Those who are allergic to Aspirin or other NSAIDS cannot follow this regimen.
  • Begin taking your pain medications as directed as soon as you get home. Your pain medication can be taken with liquid only but it is important to get some soft/pureed food) in your stomach as soon as possible. Take all subsequent doses along with food to minimize nausea.

Numbness and Paralysis of Facial Muscles

Local anesthetic may infiltrate various layers of the skin, which may paralyse the facial nerve. The facial nerve may be in the vicinity of the surgery site and you may develop a temporary inability to close the eye completely or smile. This problem is temporary, however, should you feel concerned, please contact the office to speak with a nurse


  • You may notice small amounts of bleeding from the injection sites. This is usually minimal. If bleeding persists longer than 24hrs, call the office.
  • You may wash the injections sites when you are bathing.
  • You may experience fluid in the ears. This can feel like “swimmers ear” and can last for about 2-10 days. Dizziness may accompany this situation. Do not be alarmed as this feeling of fluid in the ears, will usually resolve without further treatment.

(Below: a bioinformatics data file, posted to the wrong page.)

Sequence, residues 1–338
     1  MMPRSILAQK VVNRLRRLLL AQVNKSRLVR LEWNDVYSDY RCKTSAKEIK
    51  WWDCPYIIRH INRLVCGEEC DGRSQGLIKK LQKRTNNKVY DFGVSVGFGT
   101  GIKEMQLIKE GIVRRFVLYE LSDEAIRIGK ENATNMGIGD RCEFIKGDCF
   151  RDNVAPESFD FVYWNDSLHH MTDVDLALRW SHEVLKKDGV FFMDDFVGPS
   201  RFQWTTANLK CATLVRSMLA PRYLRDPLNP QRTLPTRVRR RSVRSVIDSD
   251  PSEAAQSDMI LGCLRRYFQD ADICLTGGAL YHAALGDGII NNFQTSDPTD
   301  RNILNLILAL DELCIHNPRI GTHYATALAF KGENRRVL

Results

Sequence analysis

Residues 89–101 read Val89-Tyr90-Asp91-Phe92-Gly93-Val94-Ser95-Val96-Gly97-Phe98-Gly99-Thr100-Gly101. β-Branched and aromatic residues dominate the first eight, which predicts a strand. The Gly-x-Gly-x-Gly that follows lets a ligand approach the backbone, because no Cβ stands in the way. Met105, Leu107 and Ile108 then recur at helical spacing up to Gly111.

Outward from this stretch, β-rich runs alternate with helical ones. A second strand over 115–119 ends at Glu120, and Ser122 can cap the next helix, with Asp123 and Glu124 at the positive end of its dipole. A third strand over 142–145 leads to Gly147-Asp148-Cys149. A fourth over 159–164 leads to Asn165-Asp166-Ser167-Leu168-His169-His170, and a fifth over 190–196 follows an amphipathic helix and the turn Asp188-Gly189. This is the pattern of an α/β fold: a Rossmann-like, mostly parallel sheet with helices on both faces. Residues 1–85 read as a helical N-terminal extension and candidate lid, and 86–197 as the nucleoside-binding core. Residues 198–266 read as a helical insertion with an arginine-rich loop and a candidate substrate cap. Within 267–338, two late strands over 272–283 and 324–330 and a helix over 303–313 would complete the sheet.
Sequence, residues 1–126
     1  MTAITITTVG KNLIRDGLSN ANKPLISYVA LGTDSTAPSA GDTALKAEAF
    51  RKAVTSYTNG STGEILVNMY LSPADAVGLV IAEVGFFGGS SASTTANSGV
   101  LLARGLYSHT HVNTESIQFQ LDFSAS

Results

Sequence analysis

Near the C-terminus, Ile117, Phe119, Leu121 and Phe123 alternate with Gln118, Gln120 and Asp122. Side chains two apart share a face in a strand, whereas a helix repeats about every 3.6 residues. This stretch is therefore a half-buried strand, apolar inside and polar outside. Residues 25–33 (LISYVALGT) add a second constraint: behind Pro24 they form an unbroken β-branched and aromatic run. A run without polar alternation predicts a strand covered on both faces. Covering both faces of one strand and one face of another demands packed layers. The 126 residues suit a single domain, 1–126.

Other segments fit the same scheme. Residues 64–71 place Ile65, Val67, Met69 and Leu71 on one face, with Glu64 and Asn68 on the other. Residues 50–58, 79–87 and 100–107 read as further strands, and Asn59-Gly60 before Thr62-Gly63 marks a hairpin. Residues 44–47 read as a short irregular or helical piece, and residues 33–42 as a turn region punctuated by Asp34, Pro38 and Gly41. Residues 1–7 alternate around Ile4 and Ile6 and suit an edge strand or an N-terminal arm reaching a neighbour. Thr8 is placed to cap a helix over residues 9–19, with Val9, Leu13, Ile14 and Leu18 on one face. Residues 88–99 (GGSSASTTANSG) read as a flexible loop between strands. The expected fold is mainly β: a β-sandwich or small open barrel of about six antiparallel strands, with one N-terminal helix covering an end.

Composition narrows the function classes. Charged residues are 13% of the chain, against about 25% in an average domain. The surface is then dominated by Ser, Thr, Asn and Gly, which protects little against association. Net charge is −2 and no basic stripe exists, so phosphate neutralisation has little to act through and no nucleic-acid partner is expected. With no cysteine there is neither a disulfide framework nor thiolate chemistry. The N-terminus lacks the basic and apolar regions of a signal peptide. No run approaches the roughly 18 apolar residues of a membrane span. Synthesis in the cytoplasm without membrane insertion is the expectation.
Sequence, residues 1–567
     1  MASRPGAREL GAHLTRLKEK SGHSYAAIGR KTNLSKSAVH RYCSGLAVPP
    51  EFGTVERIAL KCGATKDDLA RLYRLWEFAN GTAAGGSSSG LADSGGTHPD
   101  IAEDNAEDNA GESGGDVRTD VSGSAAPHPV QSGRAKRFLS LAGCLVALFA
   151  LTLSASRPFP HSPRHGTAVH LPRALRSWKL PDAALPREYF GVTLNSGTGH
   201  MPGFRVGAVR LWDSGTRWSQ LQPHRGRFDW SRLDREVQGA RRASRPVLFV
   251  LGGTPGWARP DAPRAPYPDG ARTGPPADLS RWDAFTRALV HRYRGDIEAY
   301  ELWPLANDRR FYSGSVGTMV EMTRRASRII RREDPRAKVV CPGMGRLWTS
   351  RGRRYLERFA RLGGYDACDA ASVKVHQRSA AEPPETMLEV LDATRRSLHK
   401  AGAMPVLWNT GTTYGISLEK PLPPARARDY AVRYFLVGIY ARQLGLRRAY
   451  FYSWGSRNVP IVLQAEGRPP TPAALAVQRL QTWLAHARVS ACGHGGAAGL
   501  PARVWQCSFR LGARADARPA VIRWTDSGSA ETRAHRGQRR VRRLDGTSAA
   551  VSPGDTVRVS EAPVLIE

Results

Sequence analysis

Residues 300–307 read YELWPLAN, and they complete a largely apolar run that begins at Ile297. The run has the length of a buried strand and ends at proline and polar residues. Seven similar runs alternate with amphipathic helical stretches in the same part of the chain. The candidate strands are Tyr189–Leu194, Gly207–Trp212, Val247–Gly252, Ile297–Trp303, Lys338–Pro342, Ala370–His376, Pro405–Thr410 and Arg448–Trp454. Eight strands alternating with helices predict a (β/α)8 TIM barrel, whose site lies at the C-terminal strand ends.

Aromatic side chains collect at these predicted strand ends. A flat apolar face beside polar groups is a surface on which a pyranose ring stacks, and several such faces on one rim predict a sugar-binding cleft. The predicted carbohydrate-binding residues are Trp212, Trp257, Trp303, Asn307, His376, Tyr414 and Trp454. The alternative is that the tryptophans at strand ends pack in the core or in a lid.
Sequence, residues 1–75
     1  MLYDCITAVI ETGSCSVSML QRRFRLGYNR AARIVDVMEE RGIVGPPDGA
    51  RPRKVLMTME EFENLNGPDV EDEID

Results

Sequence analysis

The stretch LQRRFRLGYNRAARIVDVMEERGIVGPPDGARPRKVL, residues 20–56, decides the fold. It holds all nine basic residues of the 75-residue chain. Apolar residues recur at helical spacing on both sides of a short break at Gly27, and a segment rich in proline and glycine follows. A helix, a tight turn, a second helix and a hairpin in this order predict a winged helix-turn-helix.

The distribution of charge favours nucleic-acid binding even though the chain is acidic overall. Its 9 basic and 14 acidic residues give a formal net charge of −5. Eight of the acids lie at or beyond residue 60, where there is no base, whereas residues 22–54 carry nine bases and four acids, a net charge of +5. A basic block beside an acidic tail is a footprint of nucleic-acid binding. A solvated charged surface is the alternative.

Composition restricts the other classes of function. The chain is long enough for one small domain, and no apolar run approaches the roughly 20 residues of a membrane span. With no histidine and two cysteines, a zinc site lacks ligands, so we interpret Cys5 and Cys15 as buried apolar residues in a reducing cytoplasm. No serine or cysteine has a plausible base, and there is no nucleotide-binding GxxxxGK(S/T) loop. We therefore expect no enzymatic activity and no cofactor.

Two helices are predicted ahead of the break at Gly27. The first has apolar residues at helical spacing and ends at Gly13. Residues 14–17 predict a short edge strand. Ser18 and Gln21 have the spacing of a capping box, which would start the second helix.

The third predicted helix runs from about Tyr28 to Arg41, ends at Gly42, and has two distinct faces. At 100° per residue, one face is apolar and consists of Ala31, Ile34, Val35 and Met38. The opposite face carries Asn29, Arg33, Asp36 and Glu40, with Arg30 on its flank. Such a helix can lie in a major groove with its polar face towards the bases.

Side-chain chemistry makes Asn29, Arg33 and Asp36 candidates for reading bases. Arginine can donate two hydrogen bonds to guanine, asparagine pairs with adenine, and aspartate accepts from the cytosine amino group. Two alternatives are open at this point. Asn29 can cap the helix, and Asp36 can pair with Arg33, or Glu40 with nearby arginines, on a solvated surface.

• Some swelling and bruising in the area is expected. This is usually minor, but occasionally more pronounced swelling can occur. If this happens, it is usually a result of a sterile irrigation fluid that has entered the surrounding tissues. Most of the swelling will resolve within 24-36 hours.
  • Application of ice packs, 20 minutes on and 20 minutes off at a time for the next 48hrs is recommended, with care not to harm or freeze the skin, especially while it is numb.
  • Crushed ice in a ziplock bag or a bag of frozen peas wrapped in a moist cloth to prevent frost bite works well.
  • After the first 5 days, you can begin using a heating pad or moist heat for relief of stiffness of the jaw.
  • Apply heat 4 times/ day for 30 minute time intervals.


Following your procedure you will be on a soft or pureed diet until seen by your surgeon at the follow up appointment. At this point you will be given instructions as to when you can advance your diet.
Suggested foods include: puddings, oatmeal, smoothies, scrambled eggs, pasta, steamed vegetables , jello, and mashed potatoes


Tight facial muscles can be expected after the procedure. The application of heat as described above will help relax these muscles and relieve spasms. Exercise your facial muscles by opening and closing the mouth and massaging the sides of the face after heat application.


Your well-being is our primary concern and it is our sincere desire that you experience the least possible amount of discomfort or anxiety. Should you have any questions regarding your recovery, please do not hesitate to contact our office at (403) 948-9598.


If any unusual symptoms should occur please call our office at (403) 948-9598. If you are calling after our office hours or on the weekend, the answering machine will direct you to the oral surgeon on-call. In the event of an unexpected admission to a hospital related to a treatment at this facility, please notify us.